Chesterton Tribune

Avoidable tragedy on National Lakeshore beaches

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Voice of the People

In our short time of living here at Porter Beach, Indiana, we have now been witness to three avoidable drownings at National Lakeshore beaches. All three happened on beautiful sunny days with inviting waves.

But as those of us who live here know, and as the National Park Service and Indiana Dunes State Park know full well, danger lurked. Strong winds from the north were ripe for creating deadly rip currents. Last Saturday, August 2, 2008, at the State Park just east of Porter Beach, their PA system was warning, “The beach will probably be closed all day today due to the dangerous conditions with the possibility of rip currents.”

In all three incidents, vacationing families from Chicago were among those who came to the State Park to enjoy the day. Finding the beach there closed, they simply went east or west to National Park beaches that are unmanned, so not closed to swimming.

Some would say, “What’s with those families to allow their kids to swim when it is dangerous?” It is so easy to blame the victims. But those three families were among the hundreds of others that were also out in the waves risking danger.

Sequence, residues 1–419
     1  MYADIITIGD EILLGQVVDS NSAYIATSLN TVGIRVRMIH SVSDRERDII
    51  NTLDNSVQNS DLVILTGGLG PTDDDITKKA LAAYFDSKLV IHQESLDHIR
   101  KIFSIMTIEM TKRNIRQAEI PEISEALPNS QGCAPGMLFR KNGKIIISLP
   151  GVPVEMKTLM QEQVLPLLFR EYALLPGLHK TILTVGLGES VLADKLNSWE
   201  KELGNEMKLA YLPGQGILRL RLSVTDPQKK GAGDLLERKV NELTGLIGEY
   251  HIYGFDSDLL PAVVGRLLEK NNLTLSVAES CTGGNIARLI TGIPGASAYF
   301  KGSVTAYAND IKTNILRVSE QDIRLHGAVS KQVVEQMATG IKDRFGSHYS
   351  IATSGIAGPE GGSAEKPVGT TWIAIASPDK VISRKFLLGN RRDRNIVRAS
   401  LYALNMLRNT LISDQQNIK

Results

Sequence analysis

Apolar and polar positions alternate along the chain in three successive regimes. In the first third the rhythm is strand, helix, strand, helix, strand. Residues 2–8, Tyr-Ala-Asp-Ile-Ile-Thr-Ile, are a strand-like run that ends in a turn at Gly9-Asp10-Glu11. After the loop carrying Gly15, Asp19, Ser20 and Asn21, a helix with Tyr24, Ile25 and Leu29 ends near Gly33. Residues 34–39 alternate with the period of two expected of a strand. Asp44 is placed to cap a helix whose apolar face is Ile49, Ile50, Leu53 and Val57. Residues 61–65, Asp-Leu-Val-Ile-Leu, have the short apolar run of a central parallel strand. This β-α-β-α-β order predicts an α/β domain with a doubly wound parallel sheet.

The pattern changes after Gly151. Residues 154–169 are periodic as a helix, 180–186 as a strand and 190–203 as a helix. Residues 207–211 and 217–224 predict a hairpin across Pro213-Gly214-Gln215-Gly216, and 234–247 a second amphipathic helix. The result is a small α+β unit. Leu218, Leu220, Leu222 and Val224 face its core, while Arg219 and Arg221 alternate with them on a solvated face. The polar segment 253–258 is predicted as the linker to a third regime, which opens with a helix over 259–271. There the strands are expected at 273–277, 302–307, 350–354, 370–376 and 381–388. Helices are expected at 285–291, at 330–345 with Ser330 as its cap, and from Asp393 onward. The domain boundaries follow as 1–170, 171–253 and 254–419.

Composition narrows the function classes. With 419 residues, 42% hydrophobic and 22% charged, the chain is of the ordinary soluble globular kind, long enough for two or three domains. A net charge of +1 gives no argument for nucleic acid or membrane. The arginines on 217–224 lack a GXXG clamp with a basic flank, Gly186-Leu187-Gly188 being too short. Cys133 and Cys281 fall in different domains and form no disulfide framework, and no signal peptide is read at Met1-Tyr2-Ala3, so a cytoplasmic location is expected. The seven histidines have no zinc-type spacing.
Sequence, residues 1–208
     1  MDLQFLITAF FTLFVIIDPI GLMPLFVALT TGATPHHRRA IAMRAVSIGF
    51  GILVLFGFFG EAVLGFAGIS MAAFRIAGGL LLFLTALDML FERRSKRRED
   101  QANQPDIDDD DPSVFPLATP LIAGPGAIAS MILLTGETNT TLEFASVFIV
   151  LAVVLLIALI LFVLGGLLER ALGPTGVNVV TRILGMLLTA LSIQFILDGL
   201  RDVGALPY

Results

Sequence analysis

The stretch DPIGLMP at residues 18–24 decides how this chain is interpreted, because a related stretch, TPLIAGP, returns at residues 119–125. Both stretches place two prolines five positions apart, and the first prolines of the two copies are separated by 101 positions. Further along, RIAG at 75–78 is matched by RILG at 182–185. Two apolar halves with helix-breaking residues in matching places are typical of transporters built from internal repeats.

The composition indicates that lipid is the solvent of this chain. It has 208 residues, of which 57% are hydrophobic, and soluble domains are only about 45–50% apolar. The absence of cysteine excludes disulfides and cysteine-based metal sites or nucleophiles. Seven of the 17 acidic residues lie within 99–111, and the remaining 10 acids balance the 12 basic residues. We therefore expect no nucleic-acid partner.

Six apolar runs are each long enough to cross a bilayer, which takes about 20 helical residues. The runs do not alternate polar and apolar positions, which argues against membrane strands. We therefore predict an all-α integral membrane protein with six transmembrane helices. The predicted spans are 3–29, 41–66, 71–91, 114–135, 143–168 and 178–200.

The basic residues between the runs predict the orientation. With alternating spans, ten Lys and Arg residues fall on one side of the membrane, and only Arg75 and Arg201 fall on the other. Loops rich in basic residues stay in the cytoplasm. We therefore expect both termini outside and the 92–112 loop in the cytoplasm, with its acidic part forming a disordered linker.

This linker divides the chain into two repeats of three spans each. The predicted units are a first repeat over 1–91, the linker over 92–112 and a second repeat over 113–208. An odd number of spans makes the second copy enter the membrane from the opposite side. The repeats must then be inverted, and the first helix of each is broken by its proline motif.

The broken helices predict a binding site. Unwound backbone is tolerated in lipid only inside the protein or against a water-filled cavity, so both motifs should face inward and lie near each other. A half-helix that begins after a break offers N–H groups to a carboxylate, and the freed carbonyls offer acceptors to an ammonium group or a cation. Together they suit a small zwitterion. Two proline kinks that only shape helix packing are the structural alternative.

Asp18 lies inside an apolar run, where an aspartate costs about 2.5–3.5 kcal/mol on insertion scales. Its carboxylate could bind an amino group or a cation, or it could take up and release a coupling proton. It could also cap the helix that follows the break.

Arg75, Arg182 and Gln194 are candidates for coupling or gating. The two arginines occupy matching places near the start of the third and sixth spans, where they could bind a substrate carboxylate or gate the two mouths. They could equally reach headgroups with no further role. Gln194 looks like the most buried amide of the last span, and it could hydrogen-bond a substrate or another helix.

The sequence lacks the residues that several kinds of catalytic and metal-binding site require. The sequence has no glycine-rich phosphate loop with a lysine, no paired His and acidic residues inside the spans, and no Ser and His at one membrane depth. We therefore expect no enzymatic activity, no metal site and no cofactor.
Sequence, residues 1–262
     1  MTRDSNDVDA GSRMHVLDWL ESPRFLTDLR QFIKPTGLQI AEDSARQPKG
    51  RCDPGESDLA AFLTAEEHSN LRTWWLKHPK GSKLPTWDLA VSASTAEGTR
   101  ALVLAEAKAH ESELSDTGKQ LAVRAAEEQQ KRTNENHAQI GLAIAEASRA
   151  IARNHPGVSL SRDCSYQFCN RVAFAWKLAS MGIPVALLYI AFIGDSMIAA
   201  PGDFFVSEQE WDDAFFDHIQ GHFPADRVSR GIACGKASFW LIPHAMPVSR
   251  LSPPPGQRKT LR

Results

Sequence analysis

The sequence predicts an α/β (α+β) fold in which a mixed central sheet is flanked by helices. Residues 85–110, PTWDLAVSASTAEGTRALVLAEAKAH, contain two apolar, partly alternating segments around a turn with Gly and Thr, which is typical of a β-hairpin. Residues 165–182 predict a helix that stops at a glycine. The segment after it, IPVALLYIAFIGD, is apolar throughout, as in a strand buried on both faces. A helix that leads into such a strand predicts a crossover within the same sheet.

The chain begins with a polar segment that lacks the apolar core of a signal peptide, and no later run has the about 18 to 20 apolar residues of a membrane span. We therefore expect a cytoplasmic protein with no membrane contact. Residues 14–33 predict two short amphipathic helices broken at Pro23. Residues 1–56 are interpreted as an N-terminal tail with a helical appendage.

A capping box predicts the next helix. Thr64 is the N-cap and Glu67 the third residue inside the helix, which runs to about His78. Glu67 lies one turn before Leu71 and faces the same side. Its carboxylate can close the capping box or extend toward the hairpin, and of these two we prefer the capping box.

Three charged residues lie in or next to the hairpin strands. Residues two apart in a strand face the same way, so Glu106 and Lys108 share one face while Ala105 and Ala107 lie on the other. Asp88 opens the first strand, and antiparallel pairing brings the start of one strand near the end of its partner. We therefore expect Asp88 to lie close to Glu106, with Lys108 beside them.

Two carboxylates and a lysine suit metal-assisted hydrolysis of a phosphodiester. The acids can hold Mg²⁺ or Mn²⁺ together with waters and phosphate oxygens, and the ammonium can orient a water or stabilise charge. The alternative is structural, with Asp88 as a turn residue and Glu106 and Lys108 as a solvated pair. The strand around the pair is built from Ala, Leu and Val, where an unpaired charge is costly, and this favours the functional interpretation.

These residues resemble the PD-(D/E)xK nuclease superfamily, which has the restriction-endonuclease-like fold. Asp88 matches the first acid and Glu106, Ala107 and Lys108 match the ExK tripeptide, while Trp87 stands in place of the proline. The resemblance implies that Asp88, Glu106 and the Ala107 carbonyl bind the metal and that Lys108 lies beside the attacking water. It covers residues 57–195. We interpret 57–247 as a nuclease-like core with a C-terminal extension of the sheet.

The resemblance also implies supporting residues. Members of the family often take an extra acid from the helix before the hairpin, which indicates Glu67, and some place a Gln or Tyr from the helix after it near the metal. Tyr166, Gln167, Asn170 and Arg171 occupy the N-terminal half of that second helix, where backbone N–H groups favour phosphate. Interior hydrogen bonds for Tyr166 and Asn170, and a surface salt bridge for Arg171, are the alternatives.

We locals may know the danger signals; indeed we, and as we learned later, many of our neighbors, had said prayers last Saturday morning that disaster would not strike again. But the danger is a mystery to most of the visiting families. These are the very people the National Lakeshore targets to come and enjoy the beach, the ones for whom they have added parking and toilet facilities here at Porter Beach in the last few years.

Yet the National Park System does little to protect them. We are offended by the National Park personnel glad-handing with the press here to witness yet another drowning, washing their hands of any responsibility with cavalier statements, “We post warnings.” Sure, a sign is up all summer, regardless of its relevance any particular day, with a generic warning.

We understand that full time lifeguards are not practical. But a system needs to be in place for the National Park to step up and do what is necessary to close its six unpatrolled beaches when there are known dangers. And do not tell us “It’s too expensive.” The latest search “Included the use of three helicopters, seven boats, up to 60 divers from several agencies and more than 100 people, according to police.” How expensive is that?

They owe this much to the memory of Juan Ruiz, 15, DaVante Jackson, 14, and Raphael Palomar, 13. Our hearts go out to their families.

Roger and Stephanie Carnell



Posted 8/7/2008